Although so much of history is rewritten and disputed, the best version of the holiday’s origin shows it as having grown out of a pagan ritual. Halloween became a part of Ancient Celtic culture where tribes would light bonfires and wear masks to ward off evil spirits. They believed that on October 31st, the line between the living and the dead became blurred and by wearing a mask thereby becoming anonymous they would protect themselves from the evil spirits who were roaming around. By the 8th century the day was deified by Pope Gregory III to honor the various Catholic saints and is still observed today as All Saints’ Day or All Hallow’s Eve. That name evolved in America as Halloween with folks running around in costumes and saying “Trick of Treat.” They expect a treat but if they don’t get the treat, they are likely to cover the house with toilet paper or otherwise, do some other mischief to persons or property. Too, law enforcement personnel know that in offense, crimes such as poisoning candy, inserting razor blades in treats and candy snatching, have been committed on Halloween by otherwise law abiding citizens. Have you ever what makes this so?
Halloween means costumes and crowds. When people are dressed up in costumes and roam the streets in large groups just like in the days of its history, their identity is altered and noone knows who they are. This can result in antisocial behaviors. The larger the crowd, the greater the mayhem.
Also, in Psychology, we know that everything has meaning. Have you ever wondered what the costumes chosen reveals about the people underneath? The research shows that the costumes reveal your mental state, your interests, your mental assets or your deepest longings. Choosing and crafting a costume takes imagination and creativity. In times past, I have crafted a variety of costumes for myself. A Native American Maiden, a Hershey’s Milk Chocolate bar, and a bunch of grapes, a witch, all come to mind. Upon reflection, I get it. I recognize the developmental trends they represent.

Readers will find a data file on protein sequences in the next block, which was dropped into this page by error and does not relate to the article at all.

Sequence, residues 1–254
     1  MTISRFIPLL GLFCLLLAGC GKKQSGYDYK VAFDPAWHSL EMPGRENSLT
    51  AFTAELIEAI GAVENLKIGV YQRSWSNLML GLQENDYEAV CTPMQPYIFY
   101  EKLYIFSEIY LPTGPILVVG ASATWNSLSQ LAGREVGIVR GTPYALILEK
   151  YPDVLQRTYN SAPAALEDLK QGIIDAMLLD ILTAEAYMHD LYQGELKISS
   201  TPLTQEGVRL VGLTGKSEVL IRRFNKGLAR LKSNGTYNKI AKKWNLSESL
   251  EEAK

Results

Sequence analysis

Costumes are communication devices. They tell others something about you that on the surface, you may not have communicated. What’s on the surface, covers what’s underneath. According to Diane Roberts, “This isn't simple make-believe. The costume gives people power. I can put on my witch costume, heft up my power and no one can tell me what to do. Nobody tells Spider-Man, Sponger Bob or Minnie Mouse what time to go to bed or when to do homework. On Halloween, all the doors are open. The M&Ms, the Butterfingers, the Reese's Pieces, the full-size Snickers bars will be surrendered at lease for this one day. It's the same with grown people. They, too, want unaccustomed importance, beauty and power. On Halloween they can cast off that old, responsible, sensible, careful thinking self and become Batman, a vampire, a pirate, a super hero or a dirty traffic cop. Offensive costumes have become a part of the Halloween repertoire. Many people are choosing costumes such as domestic abuse victims, Ku Klux Klan members and the late Trayvon Martin. Author and advice columnist April Masini of AskApril.com says not having experienced specific pain can lead people to make their Halloween choices. Conversely, the comfort of familiarity can divide your boundaries. "It's like making bad jokes because you're either unfamiliar with the hurt that someone who's the butt of the joke may feel, or else because you come from a background that is abusive, and you're insensitive to the concerns of others and pass it forward because it’s normal to you."
These days, we think of Halloween as fun and family friendly. It takes all of us to keep it that way.
What’s a person to Do?
1. Consider the message you’re giving your children as you help them chose a costume. Make sure it’s what you mean to convey.
2. Go with your children (even the older ones) There is less mayhem when adults are present.
3. Evaluate your words, actions and choices. To paraphrase Jeff Goldblum's character in Jurassic Park, “Just because someone can do something doesn't mean they should."
4. Have a Happy Halloween
Dr. Rachell Anderson is a native of Tunica, a licensed Clinical Psychologist, a Professor Emeritus and author. She taught at the University of Illinois and ran a Private Clinical Practice in Springfield, Illinois for many years. She now lives and writes in Tunica, Mississippi. Check out her website at WWW.drrachellanderson.com for more articles and books.